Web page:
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Legal Basics for Working at CDC/ATSDR: What You Need to Know and Why You Should Care Module 1 HHS Office of the General Counsel CDC/ATSDR (404)639-7200. Module 1. Introduction to CDC’s Office of the General Counsel CDC’s Authorities Federal Appropriations Law Paperwork Reduction Act

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Legal Basics for Working at CDC/ATSDR: What You Need to Know and Why You Should CareModule 1HHS Office of the General CounselCDC/ATSDR (404)639-7200

module 1
Module 1
  • Introduction to CDC’s Office of the General Counsel
  • CDC’s Authorities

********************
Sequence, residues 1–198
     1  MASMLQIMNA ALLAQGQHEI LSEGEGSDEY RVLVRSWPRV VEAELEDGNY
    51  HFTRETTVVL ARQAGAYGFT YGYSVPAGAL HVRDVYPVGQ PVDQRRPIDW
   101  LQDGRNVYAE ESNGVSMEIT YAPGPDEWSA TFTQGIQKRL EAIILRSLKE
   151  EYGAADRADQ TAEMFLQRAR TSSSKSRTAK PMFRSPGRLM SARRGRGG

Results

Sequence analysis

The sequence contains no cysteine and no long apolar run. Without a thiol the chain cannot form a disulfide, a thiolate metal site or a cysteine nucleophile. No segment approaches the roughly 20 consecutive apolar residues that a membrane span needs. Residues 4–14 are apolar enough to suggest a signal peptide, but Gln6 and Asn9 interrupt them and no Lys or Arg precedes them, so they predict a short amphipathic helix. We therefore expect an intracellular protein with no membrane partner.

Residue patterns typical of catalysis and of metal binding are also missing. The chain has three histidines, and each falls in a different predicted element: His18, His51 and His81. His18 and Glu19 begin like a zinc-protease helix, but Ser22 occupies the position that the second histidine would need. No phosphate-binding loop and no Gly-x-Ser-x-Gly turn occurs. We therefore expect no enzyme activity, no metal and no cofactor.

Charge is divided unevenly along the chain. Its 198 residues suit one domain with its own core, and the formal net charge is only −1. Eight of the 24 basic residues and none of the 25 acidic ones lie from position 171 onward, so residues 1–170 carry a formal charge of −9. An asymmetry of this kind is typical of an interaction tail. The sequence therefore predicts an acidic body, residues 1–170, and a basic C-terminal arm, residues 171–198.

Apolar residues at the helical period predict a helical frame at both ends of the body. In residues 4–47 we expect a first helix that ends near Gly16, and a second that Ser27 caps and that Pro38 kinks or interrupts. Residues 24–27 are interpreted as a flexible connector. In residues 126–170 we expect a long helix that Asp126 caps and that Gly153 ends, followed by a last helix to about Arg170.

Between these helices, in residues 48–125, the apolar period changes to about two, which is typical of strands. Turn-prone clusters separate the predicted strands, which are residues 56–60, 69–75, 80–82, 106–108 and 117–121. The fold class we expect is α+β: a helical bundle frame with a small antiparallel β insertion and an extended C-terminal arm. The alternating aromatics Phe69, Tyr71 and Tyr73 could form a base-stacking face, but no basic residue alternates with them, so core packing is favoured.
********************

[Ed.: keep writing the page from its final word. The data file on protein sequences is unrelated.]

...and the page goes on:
• Federal Appropriations Law
  • Paperwork Reduction Act
  • Federal Records Act
  • Copyright Act
office of the general counsel ogc cdc atsdr program attorneys
Office of the General Counsel (OGC) CDC/ATSDR Program Attorneys

Paula Kocher, Deputy Associate General Counsel

Deborah Tress, Principal Senior Attorney

Mary Armstrong Mark Kashdan Kenya Ford Alice Kelley

Joe Foster Kevin Malone

Sudevi Ghosh Robert McGolerick

Eva Holland Jim Misrahi

James Holt Leslie Page-Taylor Heather Horton Katy Runyan

Emily Howell Joanna Stettner

Michael Rafky

office of the general counsel region iv atlanta attorneys
Office of the General CounselRegion IV (Atlanta) Attorneys

Marie Ransley Murray Kampf

Robert Nerthling Jocelyn Cerrito

  • EEO
  • Personnel Litigation
  • Contracts

services provided by ogc
Services Provided by OGC
  • Legal Advice
  • Interpret Statutory and Regulatory Authority
  • Assist in Rulemaking Dockets and Federal Register Notices